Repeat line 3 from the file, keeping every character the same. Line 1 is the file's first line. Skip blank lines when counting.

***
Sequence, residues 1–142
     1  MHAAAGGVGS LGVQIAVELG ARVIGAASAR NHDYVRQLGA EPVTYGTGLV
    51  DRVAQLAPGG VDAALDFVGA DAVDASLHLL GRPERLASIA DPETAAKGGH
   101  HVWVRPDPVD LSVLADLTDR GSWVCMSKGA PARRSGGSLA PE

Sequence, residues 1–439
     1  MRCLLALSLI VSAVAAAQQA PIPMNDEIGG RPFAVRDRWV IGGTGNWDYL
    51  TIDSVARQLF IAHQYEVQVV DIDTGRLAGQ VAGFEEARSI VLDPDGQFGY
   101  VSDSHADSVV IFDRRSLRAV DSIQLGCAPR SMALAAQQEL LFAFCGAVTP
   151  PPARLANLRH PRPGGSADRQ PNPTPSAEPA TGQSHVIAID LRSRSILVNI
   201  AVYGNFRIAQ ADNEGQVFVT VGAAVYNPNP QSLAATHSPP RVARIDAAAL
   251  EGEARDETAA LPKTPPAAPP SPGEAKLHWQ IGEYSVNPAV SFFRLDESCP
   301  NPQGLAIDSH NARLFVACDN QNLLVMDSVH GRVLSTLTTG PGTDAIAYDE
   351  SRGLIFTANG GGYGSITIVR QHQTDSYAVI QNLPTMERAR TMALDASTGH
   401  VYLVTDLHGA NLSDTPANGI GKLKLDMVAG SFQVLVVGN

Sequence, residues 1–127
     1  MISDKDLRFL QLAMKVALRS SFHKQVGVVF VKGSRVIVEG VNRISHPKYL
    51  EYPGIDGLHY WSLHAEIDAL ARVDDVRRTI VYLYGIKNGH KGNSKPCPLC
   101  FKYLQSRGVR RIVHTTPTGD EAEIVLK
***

    51  DRVAQLAPGG VDAALDFVGA DAVDASLHLL GRPERLASIA DPETAAKGGH